Retailers Expecting Post-Super Bowl TV Returns
Football fans have created quite the loophole in how they plan to watch the big game on Sunday. Due to many lenient return policies, consumers can “purchase” a state-of-the-art TV, impress partygoers, and then return the TV on Monday morning for a full refund before it ever appears on a credit card statement.
This particular type of retail fraud is considered “wardrobing” – the practice of returning non-defective merchandise, despite its use.
"It's funny how it's taken over. It's showing off, it's putting a big old TV up on your wall for your Super Bowl party whether you can afford it or not," Sean Cleland, vice president of mobile for liquidation company B-Stock, told CBS.
The Super Bowl conveniently falls right after January’s Consumer Electronic Show, where new products are showcased and expected to come out around summertime. Retailers want to get the latest models on shelves and get the older models out the door, which makes the Super Bowl an ideal time to promote sales and markdowns.
But this doesn’t really help their cause.
For the past three years, TV returns have jumped 20 percent from the fourth quarter (October-December) to the first quarter (January-March; aka Super Bowl season) bringing the overall return rate to about 25 percent during the first three months of the year, B-Stock reports.
"It's tricky for retailers because they're competing with the online sellers of the world who have liberal, lax return policies that force them into providing a similar customer experience," Cleland said. "It has created a glut of returns post-Super Bowl," he said.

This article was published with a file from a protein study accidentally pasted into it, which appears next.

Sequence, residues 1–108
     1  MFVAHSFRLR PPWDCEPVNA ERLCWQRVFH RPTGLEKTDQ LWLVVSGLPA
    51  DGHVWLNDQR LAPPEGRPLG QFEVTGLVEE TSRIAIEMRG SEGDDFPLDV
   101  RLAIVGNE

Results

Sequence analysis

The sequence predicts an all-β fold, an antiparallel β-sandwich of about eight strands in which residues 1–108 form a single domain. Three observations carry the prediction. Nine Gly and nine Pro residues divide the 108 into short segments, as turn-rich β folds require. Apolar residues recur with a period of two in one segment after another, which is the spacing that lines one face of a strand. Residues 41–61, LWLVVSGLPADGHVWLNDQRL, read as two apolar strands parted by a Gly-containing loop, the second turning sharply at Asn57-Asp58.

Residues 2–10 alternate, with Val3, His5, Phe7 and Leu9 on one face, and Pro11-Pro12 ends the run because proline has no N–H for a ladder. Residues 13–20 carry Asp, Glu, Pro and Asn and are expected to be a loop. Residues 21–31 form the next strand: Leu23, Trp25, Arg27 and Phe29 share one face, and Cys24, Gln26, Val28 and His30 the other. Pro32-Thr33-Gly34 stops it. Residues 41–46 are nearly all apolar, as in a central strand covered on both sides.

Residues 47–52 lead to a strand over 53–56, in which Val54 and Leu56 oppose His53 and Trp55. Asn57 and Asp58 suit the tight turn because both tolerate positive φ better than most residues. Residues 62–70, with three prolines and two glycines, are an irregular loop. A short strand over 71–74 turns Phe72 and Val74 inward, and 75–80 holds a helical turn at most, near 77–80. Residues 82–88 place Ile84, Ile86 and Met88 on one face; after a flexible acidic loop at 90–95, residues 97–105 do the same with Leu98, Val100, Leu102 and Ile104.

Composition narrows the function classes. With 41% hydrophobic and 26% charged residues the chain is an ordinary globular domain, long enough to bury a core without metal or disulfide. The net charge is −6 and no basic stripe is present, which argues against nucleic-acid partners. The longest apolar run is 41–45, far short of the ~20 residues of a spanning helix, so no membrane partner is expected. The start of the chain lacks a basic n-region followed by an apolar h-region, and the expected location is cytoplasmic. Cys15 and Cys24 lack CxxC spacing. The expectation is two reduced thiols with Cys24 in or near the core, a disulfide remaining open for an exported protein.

That glut of returns is not cheap. In fact, returns are considered lost sales to retailers. Profit and margin percentages automatically take a hit when retailers are forced to sell open-boxed goods. Not to mention, inspecting and restocking items drive up labor costs.
Consumers might not see what the big deal is in returning a perfectly good TV; however, they can expect to face some repercussions if this habit keeps up.
Retailers are actually investing in companies like The Retail Equation that track consumer behavior to try to catch these individuals and deny them the right to return merchandise.
"It's a relatively new phenomenon -- the process of banning people from making returns," said Robert Moraca, vice president of loss prevention for the National Retail Federation. "You've got to be really outside the norm to get onto that list."
It seems strange that someone could be actually become banned from making a return, but for retailers, this tactic might work to protect them from annual Super Bowl wardrobing.